Indications of a healthy waterway
There are many indicators of a healthy river or other waterway that are also part of the ecosystem. These include macroinvertebrates (also known as invertebrates), water temperature and algae.
Some macroinvertebrates are indicators of a healthy waterway. Snails and worms can live in can live in any situation, whether lack of air or too much sediment. They aren't fussy invertebrates and they aren't indicators of a healthy waterway. Water boatman and backswimmers are little fussy and care more about their habitat. Caddisfly and stonefly are very fussy and only live in the best habitats.
In a perfect waterway, the water would be cooler than 12° C. If not, you would only find snails and worms and it won't be a healthy area. But the shade also affects the water. The more shade you find, the cooler the water temperature will be and the More macroinvertebrates you will find.
Algae can be bad and good for waterway health. It grows on the river bed and could get out of control if it isn't eaten by fish and invertebrates. Long, stringy layers are indicators of poor river health. But small, thin layers are good.
Erosion is a big indicator of river health. You can tell if there's been erosion because the river bank will be crumbling and will be a few steps away from the river. No erosion is good because if there is erosion there will sediment. Which is fine for freshwater crayfish.
Turbidity is not good for the waterways health. If it's unhealthy the water will be dirty and will be carrying sediment which can clog up the gills of fish and macroinvertebrates
Extremely healthy waterway:
Testing our waterways
Our class traveled to different waterways in the local area of Christchurch. We tested and measured waterways like creeks, streams, rivers and stormwater drains. We used different tools like a clarity tube, (which is something you put water in and then you have a disc inside that you pull back in the water in the tube and you see how far can go using a handle on top to move the disc. We stop moving the disc when we can't see very well) sieve on a stick, a spoon, (We used the sieve on a stick and the spoon for finding invertebrates like water boatman and backswimmers) and eye droppers. One of our rivers total scores of cleanliness was very good; it had water boatman and backswimmers which are a sign of a healthy river.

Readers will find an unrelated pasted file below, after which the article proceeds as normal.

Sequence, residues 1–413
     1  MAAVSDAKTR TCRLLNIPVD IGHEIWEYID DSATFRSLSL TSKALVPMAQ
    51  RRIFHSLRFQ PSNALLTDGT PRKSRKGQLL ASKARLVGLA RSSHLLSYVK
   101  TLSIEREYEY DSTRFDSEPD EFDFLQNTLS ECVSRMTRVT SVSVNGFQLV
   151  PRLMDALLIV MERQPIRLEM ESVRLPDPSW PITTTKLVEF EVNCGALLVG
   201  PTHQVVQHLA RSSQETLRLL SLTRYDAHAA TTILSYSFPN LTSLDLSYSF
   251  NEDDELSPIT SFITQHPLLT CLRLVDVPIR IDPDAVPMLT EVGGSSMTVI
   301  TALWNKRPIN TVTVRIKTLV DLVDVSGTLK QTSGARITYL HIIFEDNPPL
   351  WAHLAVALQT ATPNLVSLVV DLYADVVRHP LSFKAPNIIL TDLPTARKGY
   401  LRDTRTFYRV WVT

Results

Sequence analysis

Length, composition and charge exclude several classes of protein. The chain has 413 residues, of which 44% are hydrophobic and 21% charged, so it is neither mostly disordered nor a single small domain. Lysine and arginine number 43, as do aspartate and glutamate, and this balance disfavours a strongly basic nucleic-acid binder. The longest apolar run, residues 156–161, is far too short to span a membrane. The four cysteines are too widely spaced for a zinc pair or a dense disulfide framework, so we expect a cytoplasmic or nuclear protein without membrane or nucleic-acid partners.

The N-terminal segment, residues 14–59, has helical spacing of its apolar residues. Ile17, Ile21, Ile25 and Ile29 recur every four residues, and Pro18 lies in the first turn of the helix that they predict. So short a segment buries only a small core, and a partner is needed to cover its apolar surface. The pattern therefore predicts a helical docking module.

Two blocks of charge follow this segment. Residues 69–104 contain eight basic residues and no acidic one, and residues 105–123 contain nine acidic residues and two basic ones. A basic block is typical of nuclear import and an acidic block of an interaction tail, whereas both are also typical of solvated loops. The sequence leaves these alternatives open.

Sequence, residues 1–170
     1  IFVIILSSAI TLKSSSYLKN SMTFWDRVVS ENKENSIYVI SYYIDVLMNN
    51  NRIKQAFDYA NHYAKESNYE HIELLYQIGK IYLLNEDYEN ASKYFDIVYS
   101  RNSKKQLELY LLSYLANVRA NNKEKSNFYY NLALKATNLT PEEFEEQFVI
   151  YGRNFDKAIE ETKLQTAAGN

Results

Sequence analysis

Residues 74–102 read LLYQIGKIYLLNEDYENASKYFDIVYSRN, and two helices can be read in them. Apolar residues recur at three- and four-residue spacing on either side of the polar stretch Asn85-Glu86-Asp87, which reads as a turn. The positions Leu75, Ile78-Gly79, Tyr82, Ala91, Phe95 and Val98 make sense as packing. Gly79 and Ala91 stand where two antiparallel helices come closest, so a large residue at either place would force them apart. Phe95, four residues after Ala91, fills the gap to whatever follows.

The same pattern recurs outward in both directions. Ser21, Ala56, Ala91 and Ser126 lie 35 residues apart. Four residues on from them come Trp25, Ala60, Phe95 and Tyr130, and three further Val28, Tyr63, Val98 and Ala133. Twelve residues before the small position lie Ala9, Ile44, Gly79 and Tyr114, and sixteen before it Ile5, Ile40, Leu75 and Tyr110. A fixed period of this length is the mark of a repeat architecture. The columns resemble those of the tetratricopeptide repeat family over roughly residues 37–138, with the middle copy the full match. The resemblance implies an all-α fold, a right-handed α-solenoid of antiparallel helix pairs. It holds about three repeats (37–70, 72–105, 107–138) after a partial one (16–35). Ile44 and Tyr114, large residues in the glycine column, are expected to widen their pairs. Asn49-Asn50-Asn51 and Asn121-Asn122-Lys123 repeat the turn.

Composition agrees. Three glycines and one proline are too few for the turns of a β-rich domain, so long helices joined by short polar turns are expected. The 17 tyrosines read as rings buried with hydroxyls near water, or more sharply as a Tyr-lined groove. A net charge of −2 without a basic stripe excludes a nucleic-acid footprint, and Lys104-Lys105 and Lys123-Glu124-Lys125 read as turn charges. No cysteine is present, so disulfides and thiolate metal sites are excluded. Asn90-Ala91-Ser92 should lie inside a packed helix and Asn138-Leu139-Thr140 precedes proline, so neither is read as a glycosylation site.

I have chosen to share my results for a stormwater drain near our school. I have a list of things that need to be improved here:
Stream flow- it had no water in it because it is a stormwater drain and it won't always have water in it.
Shade- it had next to no shade over it which would make the water rather hot when there some there because not enough plants have been planted
Sediment- it had a bad score score there aren't any trees near
The riparian zone (the height of the trees, bushes etc around the waterway) there aren't many high trees around the waterway (Not that there are any) because, again there haven't been planted
Types of plants around the edge- there weren't any native ones because again and again and again, I keep having to repeat myself, THERE HAVEN'T BEEN ENOUGH PLANTED!!!
This stormwater drain has a score of... Good- a score of 25
The test's validity:
If you look at others people’s waterway reports in my class, you will see that not all of us have chosen to find results for Dudley creek and not all of have the same scores for Dudley creek. This is because not everyone tested the water at the same spot and nearly everybody has different opinions.
How to keep a waterway clean
We have many types of waterways in Christchurch. But people are feeding our water animals the wrong foods and our rivers, streams, lakes and creeks are being contaminated by humans. This is what you can do to help:
Don't wash your car(s) on our driveways. If you wash cars on driveways, the chemicals from the car wash flows into our drains, into our stormwater system and into our waterways.
Don't feed ducks bread. It sounds weird, I know, but bread is not at all good for ducks. Feed them grape quarters + peas and sweetcorn.
Don't leave dog droppings in gutters and drains. Water will wash them into the stormwater system and into our waterways.
DON'T PUT RUBBISH IN YOUR POCKET. Big fat no. (Unless your pocket has a zip).
We should take this action because this will make the water sustainable and keep it healthy for future generations. In Maori culture, this is known as kaitiakitanga. When the land and the water is healthy, it will provide mahinga kai (food from nature).